One of our clients’ parents recently forwarded an email from his alumni association – he attended an Ivy League university. The message was sent to alumni who are involved in interviewing students for this particular university, and it noted that of the about 35,000 applications this university received last fall from the Class of 2018, 40% of applicants had a 4.0 unweighted GPA, and nearly half – about 48% – had SAT scores between 1400 and 1600. That means at or over 700 on both sections.
It’s not really important which college I’m referencing here; it’s safe to assume that most, if not all of the Ivy League universities, and most, if not all colleges we collectively refer to as “top-tier” have similar applicant pools.
Let that sink in as your brain processes the math here. That means that thousands of students with a 4.0 GPA and nearly perfect test scores were not admitted to this school, and some of them were not admitted to multiple highly competitive schools.
It’s not that getting into college is “impossible,” it’s that the top-ranked colleges have become less predictable, and the applicant pools are highly qualified. It’s why you’ve probably started to see some articles with screaming headlines like this one, which seems to indicate that your grades and test scores don’t matter (they do!), or this one, which could easily make you think you have to do everything – AND cure cancer in your spare time (you don’t!) – to get into a decent college. It’s why people have started asking if maybe having amazing extra-curricular activities – like starting your own thriving international non-profit – might overcome a GPA that isn’t quite top (it won’t!). The truth is that your GPA and your test scores, for colleges that consider them, are still at the very top of the list of the qualities colleges evaluate as most important. And in the end, it’s most likely that the Ivy League school I referenced above selected the 5.5% of the applicant pool they admitted from those who had the higher GPAs and test scores.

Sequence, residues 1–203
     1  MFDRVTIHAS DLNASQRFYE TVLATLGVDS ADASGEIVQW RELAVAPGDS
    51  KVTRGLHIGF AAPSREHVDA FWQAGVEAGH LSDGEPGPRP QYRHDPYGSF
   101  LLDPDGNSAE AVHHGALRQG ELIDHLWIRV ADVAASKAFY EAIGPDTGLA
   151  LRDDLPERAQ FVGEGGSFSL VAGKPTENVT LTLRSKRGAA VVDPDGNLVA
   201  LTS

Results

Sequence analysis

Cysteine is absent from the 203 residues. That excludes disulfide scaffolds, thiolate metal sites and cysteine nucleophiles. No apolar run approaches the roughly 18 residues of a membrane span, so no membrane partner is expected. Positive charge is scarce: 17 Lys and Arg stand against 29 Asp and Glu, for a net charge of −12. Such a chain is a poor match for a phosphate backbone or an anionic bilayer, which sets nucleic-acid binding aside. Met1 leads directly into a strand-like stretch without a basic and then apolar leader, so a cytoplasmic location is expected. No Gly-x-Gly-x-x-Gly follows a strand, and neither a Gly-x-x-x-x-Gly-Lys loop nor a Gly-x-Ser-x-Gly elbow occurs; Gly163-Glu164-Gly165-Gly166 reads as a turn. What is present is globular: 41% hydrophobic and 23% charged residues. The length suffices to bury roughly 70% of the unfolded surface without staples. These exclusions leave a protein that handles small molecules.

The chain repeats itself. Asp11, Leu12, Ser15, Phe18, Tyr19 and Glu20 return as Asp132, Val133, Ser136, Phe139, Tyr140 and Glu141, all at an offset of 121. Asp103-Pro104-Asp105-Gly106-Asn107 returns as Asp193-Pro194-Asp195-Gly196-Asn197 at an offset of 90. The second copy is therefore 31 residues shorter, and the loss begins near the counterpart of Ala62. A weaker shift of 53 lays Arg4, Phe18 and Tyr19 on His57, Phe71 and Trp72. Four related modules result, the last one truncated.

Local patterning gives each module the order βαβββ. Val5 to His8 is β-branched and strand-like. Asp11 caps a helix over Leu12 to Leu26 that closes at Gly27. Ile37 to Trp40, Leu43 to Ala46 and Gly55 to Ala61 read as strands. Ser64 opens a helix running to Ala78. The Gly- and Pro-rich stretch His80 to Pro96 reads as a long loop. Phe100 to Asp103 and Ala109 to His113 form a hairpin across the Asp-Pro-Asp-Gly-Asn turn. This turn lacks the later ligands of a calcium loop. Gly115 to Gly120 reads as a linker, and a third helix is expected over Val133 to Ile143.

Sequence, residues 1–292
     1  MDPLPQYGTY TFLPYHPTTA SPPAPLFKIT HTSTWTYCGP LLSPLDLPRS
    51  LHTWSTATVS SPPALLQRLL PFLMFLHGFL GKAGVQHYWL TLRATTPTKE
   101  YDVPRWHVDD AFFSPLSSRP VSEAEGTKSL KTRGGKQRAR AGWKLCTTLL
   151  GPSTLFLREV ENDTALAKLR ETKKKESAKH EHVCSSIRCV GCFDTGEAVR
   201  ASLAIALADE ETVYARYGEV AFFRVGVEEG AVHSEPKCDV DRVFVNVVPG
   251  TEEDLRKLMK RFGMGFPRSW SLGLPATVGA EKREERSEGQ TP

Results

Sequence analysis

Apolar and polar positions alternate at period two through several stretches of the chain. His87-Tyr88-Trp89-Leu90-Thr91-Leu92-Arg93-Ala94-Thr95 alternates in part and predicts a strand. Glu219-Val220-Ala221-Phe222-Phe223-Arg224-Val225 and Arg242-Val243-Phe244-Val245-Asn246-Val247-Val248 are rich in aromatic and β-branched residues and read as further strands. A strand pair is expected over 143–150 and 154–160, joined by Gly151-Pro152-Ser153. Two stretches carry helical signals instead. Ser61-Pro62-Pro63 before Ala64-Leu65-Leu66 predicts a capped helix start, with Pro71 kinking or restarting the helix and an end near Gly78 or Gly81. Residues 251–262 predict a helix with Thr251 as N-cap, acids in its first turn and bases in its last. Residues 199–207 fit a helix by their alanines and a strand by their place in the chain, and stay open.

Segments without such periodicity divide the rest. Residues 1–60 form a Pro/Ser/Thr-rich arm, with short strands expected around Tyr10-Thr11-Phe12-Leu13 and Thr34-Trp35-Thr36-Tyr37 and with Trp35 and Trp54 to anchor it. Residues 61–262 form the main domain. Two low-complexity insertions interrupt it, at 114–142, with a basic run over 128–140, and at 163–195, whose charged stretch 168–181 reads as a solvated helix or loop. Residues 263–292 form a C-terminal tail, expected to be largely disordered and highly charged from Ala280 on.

This is why we work with students to create a balanced list – and why students with balanced lists end up with more choices (and frequently more scholarship offers) than their friends who don’t spend as much time building a balanced list. We’re not here to tell you that you can’t go to a top-ranked or an Ivy League school – but we will tell you that you shouldn’t have a list filled with colleges that admit just a tiny sliver of their incredibly talented and qualified applicant pool. It’s like spending your entire paycheck on lottery tickets – just a bad idea, not to mention anxiety-producing! A balanced list is really the key to success in getting into college – you can see that three of the five benefits mentioned in this post about working with an independent counselor are really about ensuring students have well-researched, balanced lists. This is why we push students to go beyond the names they know – they’re only 17 years old, by the way – and research colleges that we know to be fabulous, even if you haven’t heard of them yet. We posted some great tips on building your college list here.
There’s a ton of information out there about getting into college – and not all of it is correct. We tell our clients we’ll stand in front of this fire hose of information for them, passing along the information we know they really need to see, so they don’t get battered by the barrage, not only of misleading or just plain wrong information, but also by the oh-so-tempting offers of people who prey on your fear that your child won’t be admitted to the “right” school. There’s no secret formula, no magic and miraculous six-step process that will result in your child getting that coveted letter of admission that those fortunate 5.5% received. It’s about working through the process and determining which colleges will help them grow into the person they are supposed to become.
If that stresses you out, please give us a call. That’s what we do.